Class. Or… Buffy meets Torchwood via Doctor Who. Or maybe… Buckets of Blood at High School! Snappy dialogue, interesting characters and a nice dose of moral ambiguity combine in this rather stylishly violent teen sci-fi drama, that spins off from Doctor Who.
There have been numerous Doctor Who spin-offs coming to our television screens over the years, beginning with K.9. and Company in 1981. Since the revival of the series in 2005, as a family viewing experience, we’ve had two official BBC spin-offs – Torchwood, aimed at adults; and The Sarah Jane Adventures, aimed at kids. And now, we have one slap-bang in the middle, aimed at young adults – Class.
Class is set at Coalhill Academy, a school that the Doctor and his companions have visited a number of times in the parent series. The Doctor’s granddaughter Susan was a student there in the first episode (back in 1963), the Daleks invaded it during the 1980s (although the story was set in the 60s), and more recently the Doctor’s companion Clara taught there, while the Doctor himself briefly acted as caretaker. So there’s a long history with Doctor Who. But all these timey-wimey visits have resulted in a crack in the fabric of space/time – a crack through which numerous alien baddies might emerge. So a group of students, including an alien prince who is the last of his race, band together (sort of) to defend the school and the Earth. Then there’s a teacher, Ms Quill, who’s also an alien, as well as being the protector/slave of the Prince. And there’s a story arc involving the school’s mysterious Board of Governors. The set-up is a little clunky at times, but once done with, the series quickly finds its feet.
Okay, so the crack through which alien threats emerge isn’t all that original (hello Torchwood). And the set-up of teens as defenders, along with the target audience, is reminiscent of Buffy the Vampire Slayer. And the whole alien prince thing is a bit like The Powers of Matthew Starr (obscure 80s tv crap that I happen to love). And the visuals for the title sequence (which I adore) are kind of a cross between Doctor Who and The Tomorrow People. But overall the series does manage to inject a spark into the whole thing, giving it a vibe all its own – mostly through the characters. They’re an interesting, diverse, believable and complex bunch of people, who don’t always get along, and they draw the viewer through the series.
The cast includes Greg Austin as alien prince-in-hiding, Charlie Smith; Fady Elsayed as tough, soccer-playing Ram Singh; Vivian Oparah as child prodigy Tanya Adeola; Sophie Hopkins as April MacLean, the most ordinary of the group; and Jordan Renzo as Charlie’s love-interest, Matteusz Andrzejewski, who’s kicked out of home by his Polish parents for being gay. They’re all great, but for me the standouts are alien teacher Ms Quill (played with delightful relish by Katherine Kelly) and a relatively minor character, Ram’s dad Varun (played with quiet sincerity by Aaron Neil).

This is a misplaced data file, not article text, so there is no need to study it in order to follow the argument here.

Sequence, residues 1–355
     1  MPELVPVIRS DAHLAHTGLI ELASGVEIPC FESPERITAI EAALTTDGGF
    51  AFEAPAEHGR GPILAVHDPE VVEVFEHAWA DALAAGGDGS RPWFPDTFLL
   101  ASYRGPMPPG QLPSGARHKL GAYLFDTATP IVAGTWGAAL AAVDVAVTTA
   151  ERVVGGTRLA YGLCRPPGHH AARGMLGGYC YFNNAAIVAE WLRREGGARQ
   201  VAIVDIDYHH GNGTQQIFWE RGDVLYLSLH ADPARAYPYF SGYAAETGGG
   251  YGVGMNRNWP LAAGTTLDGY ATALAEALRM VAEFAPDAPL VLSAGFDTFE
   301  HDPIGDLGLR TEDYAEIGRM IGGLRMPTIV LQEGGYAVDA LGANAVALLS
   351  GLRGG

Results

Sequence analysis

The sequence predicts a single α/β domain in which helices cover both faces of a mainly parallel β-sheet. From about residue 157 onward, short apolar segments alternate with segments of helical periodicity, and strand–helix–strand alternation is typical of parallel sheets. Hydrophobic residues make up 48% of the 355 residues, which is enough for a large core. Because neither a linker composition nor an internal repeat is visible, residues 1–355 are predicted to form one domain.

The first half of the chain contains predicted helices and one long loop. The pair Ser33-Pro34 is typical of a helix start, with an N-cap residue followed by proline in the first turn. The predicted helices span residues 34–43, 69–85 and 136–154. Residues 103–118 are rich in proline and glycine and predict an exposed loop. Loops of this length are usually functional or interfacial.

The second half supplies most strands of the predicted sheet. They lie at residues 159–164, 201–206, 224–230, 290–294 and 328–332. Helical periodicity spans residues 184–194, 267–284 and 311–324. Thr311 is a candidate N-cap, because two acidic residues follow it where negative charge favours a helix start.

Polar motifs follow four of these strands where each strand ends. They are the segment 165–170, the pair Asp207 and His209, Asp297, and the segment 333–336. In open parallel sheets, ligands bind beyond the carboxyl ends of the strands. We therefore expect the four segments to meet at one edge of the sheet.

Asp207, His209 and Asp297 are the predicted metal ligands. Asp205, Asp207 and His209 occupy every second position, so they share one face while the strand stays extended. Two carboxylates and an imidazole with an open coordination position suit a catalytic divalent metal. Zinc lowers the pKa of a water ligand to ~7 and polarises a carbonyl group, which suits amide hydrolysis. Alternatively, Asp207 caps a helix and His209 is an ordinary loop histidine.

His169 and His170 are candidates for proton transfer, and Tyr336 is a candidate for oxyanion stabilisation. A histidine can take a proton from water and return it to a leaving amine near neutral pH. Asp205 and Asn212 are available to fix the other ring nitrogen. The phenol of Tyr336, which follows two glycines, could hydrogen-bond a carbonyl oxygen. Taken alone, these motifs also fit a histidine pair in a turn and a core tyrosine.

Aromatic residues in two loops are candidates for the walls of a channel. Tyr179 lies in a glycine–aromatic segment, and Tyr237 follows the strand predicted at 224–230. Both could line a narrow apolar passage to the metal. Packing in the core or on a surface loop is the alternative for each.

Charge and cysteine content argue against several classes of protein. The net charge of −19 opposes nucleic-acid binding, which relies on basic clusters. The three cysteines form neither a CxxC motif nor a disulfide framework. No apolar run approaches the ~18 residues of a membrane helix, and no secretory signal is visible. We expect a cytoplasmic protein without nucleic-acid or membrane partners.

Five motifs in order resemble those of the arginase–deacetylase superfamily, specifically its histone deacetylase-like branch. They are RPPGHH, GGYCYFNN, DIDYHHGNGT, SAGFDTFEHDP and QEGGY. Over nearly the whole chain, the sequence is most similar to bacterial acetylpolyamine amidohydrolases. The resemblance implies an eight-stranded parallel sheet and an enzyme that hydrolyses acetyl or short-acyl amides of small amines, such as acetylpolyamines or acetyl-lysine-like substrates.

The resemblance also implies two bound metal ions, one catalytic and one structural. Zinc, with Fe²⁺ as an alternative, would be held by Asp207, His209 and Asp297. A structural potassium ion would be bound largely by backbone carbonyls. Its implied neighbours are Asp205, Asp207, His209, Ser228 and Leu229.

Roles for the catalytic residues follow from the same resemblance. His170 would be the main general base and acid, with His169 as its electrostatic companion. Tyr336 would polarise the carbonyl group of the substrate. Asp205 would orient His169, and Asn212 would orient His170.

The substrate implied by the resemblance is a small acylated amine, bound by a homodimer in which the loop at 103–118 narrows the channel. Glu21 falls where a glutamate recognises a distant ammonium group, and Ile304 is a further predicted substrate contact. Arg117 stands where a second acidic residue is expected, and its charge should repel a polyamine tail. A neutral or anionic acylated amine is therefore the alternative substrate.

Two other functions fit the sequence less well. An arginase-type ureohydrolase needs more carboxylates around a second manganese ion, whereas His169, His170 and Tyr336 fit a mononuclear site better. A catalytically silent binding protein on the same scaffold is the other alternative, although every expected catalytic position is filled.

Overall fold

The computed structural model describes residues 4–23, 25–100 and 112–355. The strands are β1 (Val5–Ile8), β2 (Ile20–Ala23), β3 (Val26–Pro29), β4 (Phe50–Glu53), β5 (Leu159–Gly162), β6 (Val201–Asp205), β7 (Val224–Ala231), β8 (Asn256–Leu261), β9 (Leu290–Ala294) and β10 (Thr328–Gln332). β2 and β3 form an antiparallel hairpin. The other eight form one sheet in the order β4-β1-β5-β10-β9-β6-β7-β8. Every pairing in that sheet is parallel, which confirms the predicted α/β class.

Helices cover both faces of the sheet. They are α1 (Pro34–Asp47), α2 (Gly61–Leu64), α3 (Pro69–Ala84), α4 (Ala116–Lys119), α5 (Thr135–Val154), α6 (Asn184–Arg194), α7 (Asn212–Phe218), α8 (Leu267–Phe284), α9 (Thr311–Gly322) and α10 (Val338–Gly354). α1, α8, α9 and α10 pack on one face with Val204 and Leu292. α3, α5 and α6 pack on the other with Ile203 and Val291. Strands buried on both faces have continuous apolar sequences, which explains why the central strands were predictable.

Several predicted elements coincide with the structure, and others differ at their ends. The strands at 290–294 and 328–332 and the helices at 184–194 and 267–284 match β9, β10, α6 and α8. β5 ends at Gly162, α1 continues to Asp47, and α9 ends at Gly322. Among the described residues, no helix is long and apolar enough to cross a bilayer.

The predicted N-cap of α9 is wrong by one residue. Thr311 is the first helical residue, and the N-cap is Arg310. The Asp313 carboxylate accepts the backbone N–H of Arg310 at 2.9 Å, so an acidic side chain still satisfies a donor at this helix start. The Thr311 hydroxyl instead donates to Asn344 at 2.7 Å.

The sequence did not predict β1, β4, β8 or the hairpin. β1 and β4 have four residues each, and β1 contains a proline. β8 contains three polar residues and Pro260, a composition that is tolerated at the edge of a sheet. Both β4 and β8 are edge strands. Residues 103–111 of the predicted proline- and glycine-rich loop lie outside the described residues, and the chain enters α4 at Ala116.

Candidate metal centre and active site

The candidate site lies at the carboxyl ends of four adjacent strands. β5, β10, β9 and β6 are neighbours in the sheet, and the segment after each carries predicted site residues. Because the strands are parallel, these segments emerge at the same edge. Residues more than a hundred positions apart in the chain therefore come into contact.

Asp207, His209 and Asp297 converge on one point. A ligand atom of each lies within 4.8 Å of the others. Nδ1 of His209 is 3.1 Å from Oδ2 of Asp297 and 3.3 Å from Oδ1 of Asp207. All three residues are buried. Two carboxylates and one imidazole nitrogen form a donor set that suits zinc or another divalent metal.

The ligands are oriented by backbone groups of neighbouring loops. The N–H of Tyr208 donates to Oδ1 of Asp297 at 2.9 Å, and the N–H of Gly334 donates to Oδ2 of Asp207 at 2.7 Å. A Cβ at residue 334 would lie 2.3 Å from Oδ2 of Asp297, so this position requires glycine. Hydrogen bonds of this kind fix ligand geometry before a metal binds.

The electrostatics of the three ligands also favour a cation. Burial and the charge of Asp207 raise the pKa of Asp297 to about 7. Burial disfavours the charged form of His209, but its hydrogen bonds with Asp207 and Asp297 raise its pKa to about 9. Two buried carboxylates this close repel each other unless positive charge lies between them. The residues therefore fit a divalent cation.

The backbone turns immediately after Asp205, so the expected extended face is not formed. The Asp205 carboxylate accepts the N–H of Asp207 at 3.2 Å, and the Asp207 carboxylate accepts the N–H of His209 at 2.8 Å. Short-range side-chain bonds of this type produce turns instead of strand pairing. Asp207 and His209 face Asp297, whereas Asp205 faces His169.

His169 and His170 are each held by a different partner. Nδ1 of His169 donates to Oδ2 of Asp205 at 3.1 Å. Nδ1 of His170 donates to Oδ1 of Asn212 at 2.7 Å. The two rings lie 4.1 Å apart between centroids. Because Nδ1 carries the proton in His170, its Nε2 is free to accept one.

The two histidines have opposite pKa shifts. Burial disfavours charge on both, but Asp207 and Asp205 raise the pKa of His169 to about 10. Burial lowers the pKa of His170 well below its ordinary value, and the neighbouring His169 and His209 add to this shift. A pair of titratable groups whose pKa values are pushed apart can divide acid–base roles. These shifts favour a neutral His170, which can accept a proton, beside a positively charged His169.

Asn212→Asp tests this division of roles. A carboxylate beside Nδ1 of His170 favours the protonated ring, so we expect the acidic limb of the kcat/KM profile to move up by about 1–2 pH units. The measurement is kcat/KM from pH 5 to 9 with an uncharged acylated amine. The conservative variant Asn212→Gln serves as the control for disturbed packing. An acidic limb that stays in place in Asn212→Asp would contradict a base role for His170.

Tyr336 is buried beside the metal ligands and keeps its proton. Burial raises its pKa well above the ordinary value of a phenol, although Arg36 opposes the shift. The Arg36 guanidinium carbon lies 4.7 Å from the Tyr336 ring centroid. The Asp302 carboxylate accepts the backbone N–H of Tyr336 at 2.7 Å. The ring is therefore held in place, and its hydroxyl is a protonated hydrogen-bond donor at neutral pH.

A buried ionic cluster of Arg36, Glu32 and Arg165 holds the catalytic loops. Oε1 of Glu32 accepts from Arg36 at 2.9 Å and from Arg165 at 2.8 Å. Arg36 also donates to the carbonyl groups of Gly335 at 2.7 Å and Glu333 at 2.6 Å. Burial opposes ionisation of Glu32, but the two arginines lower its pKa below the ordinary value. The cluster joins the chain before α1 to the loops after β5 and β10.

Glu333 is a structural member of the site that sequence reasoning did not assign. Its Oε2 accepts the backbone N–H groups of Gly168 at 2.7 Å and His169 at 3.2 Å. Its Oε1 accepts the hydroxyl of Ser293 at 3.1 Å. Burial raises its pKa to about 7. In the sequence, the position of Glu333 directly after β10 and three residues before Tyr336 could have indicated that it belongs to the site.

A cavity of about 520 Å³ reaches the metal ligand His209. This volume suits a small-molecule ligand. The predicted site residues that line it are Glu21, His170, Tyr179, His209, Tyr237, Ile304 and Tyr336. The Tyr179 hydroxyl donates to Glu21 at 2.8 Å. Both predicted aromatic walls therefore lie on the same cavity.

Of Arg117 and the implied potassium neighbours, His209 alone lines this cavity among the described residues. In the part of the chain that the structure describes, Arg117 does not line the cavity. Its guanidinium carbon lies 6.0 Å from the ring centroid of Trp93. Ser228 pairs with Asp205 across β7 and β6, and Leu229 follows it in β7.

There’s a lot to love about this show… the matter-of-fact portrayal of a gay romance (an important thing for a teen audience); the moral ambiguity of characters, particularly Quill and Charlie; and there are consequences! This is what I love most about the series… actions and events have consequences that ripple through the rest of the series. When one characters’ girlfriend is brutally killed right in front of him (liberally splattering him with blood), he is still suffering the trauma several eps later.
The whole thing comes from the mind of author Patrick Ness, who’s known for his children’s and YA novels. (If you read nothing else this year, make it The Rest of Us Just Live Here… it’s BRILLIANT!) He’s written each of the eight episodes, so there is a consistency of character and quality, as well as a follow-through of themes.
I’ve tried to avoid spoilers thus far, but in order to assess the series in its own right as well as part of the Whoniverse, I’m going to have to discuss the big reveal. Sorry!
Class doesn’t really need its Doctor Who connection. It does very well at establishing its own look, style and identity. It’s almost as if its uniqueness has been bookended with Doctor Who – with the Doctor’s appearance in ep 1 and the reveal at the end of the final ep. And in all honesty, I think the connection with Doctor Who does it more harm than good. It would have been better as its own series. Let me try to explain why.
In the first ep, all is progressing well, until suddenly Quill calls the Doctor for help. And he comes racing in to save the day, taking agency away from the series characters as he solves things for them. But then he says he can’t always be there and that they will have to fend for themselves from now on. I would rather have seen the characters solve the situation themselves.
And then, right at the end of the series, it’s revealed that the Weeping Angels are coming to Earth, the implication being that they would be the main threat for season 2 (if, indeed the series gets a season 2… the jury is still out on that). The problem with this is that the Weeping Angels are a classic example of diminishing returns – brilliant and scary in their first appearance (“Blink”), but slowly watered down and made less scary and less interesting with each subsequent return. Class would be better off with its own alien threat.
The two-disc release is relatively basic, with just one short behind-the-scenes doco. I would have loved some more in-depth stuff. And annoyingly, the cover doesn’t list the eps.
All up, this is a quality series. Although its place in the Whoniverse may be debatable, it is a worthwhile series in its own right. I hope it gets a second season!
Class: Series One is released in Australia on DVD and Blu-ray by Roadshow.
Catch ya later, George
|Check out my bookish blog, Literary Clutter, hosted by Boomerang Books.
Latest Post: 2016 – the year that was